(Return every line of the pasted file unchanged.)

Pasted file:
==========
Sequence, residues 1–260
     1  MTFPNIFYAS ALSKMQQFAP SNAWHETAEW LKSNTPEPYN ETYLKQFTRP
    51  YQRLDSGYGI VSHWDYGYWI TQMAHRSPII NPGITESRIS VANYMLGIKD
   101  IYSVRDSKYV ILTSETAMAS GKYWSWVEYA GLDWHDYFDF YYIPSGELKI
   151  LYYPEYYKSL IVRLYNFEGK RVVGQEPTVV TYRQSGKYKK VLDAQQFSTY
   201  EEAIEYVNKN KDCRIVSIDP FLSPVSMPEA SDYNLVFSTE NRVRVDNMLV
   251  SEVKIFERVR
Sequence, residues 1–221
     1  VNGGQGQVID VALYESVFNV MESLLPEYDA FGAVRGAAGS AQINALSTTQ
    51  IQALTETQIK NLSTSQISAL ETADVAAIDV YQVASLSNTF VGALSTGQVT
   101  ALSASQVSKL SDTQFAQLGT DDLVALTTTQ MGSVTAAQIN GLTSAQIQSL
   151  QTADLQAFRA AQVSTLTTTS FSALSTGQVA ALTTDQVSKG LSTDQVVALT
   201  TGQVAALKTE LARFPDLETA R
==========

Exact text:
Sequence, residues 1–260
     1  MTFPNIFYAS ALSKMQQFAP SNAWHETAEW LKSNTPEPYN ETYLKQFTRP
    51  YQRLDSGYGI VSHWDYGYWI TQMAHRSPII NPGITESRIS VANYMLGIKD
   101  IYSVRDSKYV ILTSETAMAS GKYWSWVEYA GLDWHDYFDF YYIPSGELKI
   151  LYYPEYYKSL IVRLYNFEGK RVVGQEPTVV TYRQSGKYKK VLDAQQFSTY
   201  EEAIEYVNKN KDCRIVSIDP FLSPVSMPEA SDYNLVFSTE NRVRVDNMLV
   251  SEVKIFERVR
Sequence, residues 1–221
     1  VNGGQGQVID VALYESVFNV MESLLPEYDA FGAVRGAAGS AQINALSTTQ
    51  IQALTETQIK NLSTSQISAL ETADVAAIDV YQVASLSNTF VGALSTGQVT
   101  ALSASQVSKL SDTQFAQLGT DDLVALTTTQ MGSVTAAQIN GLTSAQIQSL
   151  QTADLQAFRA AQVSTLTTTS FSALSTGQVA ALTTDQVSKG LSTDQVVALT
   201  TGQVAALKTE LARFPDLETA R